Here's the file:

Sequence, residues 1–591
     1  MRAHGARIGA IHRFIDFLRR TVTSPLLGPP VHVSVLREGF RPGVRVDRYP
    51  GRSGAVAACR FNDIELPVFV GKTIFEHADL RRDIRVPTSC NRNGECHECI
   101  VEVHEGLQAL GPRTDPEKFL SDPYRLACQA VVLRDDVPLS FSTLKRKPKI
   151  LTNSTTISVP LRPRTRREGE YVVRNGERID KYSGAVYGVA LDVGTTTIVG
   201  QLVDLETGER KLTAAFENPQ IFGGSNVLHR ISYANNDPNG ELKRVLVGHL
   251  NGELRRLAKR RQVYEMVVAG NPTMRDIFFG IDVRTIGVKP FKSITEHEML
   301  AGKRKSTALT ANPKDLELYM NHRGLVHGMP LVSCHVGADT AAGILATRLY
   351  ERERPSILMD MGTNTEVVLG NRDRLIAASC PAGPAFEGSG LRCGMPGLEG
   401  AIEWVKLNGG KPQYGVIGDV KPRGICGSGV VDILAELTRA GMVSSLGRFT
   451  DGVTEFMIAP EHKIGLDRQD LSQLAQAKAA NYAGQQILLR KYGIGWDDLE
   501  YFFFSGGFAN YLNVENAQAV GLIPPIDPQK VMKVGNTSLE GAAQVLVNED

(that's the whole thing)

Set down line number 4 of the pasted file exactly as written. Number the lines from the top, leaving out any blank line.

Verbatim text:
   101  VEVHEGLQAL GPRTDPEKFL SDPYRLACQA VVLRDDVPLS FSTLKRKPKI